Culture That Made Me: Avril Stanley, founder of the Body & Soul festival 

The festival pioneer recalls formative memories of Kate Bush, Nick Cave and Burning Man 
Culture That Made Me: Avril Stanley, founder of the Body & Soul festival 

Avril Stanley of the Body & Soul festival. 

Avril Stanley, 48, grew up between Galway and Ontario, Canada. In 1998, she organised the Body & Soul section at the UK’s Big Chill Festival. In 2004, Body & Soul formed part of the inaugural Electric Picnic Festival. In 2010, it became at a standalone independent arts and music festival and a summer solstice fixture in Ireland’s cultural calendar. This year’s Body & Soul Festival is at Ballinlough Castle, Co Westmeath, 17-19 June. See: www.bodyandsoul.ie

Elvis in pink 

As a child, we had one of those old record players at home. When you lifted the lid, on the left-hand side, there was a little slot for records. The one that caught my attention was Elvis because it was pink. It was a double vinyl of greatest hits. I absolutely loved it. I knew all the words of his songs. He was an incredible singer and performer. He’d such charisma and rebel energy about him. He captured my heart in that kind of provincial, rural Ireland way.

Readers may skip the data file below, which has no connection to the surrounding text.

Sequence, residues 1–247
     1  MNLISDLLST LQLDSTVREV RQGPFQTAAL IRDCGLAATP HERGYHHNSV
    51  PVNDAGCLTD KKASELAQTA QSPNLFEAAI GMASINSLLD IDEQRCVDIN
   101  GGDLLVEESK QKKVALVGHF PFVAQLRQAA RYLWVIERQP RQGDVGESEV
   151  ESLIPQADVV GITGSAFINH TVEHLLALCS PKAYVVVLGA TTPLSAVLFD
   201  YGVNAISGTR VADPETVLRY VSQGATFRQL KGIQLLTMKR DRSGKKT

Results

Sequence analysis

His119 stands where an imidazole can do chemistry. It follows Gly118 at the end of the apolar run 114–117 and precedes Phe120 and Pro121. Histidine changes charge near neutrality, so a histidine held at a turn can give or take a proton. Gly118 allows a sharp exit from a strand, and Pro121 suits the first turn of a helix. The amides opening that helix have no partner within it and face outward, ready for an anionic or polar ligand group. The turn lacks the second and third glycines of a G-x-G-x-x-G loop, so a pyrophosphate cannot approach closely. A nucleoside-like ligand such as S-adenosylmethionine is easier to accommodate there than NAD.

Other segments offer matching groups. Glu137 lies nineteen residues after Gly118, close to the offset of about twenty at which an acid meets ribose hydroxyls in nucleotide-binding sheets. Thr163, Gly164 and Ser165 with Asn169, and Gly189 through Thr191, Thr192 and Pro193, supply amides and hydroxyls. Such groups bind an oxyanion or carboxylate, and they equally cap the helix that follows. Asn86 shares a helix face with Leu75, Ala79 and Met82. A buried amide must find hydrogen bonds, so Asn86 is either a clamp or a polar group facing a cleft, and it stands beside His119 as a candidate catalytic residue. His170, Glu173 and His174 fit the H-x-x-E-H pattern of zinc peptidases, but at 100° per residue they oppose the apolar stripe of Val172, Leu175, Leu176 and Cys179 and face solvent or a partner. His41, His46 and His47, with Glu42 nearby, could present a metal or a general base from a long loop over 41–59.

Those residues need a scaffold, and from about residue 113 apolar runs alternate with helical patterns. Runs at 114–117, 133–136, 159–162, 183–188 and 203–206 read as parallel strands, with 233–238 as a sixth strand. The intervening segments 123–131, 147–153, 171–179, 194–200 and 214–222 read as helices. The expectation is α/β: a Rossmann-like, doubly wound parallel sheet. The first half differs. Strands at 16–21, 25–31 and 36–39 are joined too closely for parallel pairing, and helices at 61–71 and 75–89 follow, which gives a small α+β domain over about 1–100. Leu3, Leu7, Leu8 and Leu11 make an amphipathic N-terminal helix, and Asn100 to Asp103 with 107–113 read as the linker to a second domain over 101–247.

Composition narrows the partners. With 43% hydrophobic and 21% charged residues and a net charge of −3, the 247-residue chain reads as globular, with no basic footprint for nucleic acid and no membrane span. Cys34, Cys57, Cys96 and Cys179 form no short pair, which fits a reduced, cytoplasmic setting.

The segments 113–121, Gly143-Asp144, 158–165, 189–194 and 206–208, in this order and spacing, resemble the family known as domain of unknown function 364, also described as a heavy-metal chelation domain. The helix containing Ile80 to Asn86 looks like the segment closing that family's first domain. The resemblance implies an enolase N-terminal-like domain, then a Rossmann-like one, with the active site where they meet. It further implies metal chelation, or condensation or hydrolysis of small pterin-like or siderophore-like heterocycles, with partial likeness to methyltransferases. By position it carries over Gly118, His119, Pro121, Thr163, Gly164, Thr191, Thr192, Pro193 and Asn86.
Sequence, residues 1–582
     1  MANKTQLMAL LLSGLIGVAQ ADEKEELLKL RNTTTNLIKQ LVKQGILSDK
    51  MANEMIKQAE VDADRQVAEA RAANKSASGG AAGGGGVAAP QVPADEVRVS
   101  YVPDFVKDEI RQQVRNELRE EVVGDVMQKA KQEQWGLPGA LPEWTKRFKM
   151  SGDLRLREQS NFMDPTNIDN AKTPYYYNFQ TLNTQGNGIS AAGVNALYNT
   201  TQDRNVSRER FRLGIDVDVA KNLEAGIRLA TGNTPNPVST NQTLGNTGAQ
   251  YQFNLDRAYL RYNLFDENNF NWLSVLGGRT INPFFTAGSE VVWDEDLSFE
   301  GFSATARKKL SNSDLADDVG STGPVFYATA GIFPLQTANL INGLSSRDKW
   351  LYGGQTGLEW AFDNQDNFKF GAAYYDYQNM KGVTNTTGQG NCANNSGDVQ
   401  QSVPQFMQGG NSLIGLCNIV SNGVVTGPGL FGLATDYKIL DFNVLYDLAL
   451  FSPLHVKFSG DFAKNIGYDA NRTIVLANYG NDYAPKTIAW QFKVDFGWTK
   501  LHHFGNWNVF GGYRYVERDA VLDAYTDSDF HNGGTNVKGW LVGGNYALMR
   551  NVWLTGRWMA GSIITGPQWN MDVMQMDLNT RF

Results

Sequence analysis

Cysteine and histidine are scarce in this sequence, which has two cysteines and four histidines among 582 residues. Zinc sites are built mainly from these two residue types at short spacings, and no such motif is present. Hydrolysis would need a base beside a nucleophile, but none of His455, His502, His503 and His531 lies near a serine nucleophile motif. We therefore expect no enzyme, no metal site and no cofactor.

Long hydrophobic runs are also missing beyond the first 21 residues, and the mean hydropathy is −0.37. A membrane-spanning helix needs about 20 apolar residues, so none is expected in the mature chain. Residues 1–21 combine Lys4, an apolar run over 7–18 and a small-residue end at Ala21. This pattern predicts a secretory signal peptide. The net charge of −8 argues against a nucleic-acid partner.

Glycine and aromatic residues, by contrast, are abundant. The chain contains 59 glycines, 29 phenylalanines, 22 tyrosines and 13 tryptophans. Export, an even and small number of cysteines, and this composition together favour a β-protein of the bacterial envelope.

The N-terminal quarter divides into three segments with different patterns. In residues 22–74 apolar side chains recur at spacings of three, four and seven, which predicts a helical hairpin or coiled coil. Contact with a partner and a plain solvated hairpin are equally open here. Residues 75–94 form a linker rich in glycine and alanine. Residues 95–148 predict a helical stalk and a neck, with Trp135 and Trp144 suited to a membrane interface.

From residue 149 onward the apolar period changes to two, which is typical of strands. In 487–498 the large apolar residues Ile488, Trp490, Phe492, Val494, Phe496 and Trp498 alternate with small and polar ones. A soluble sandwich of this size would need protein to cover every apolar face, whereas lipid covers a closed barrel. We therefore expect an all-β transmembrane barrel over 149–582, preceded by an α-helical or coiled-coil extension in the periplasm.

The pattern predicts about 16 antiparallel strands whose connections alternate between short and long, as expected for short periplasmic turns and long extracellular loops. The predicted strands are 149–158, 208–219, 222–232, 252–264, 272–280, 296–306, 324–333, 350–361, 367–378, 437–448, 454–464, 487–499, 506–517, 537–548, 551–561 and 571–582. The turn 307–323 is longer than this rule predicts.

Sinéad O'Connor 

Growing up, Sinéad O'Connor was this incredible female Irish voice. She challenged the norm, the status quo, the papacy, but also she had this exceptional voice and presence who would shave her head and paint herself gold. She was a revolutionary artist.

Moloko 

Moloko emerged when dance music started coming through in the 1990s. It was a female-led duo with Róisín Murphy and Mark Brydon. They were a dancefloor filler. To this day, when Sing it Back comes on your arms immediately shoot up in the air and you remember your first club night in, say, Sir Henry's where somebody did a remix of it.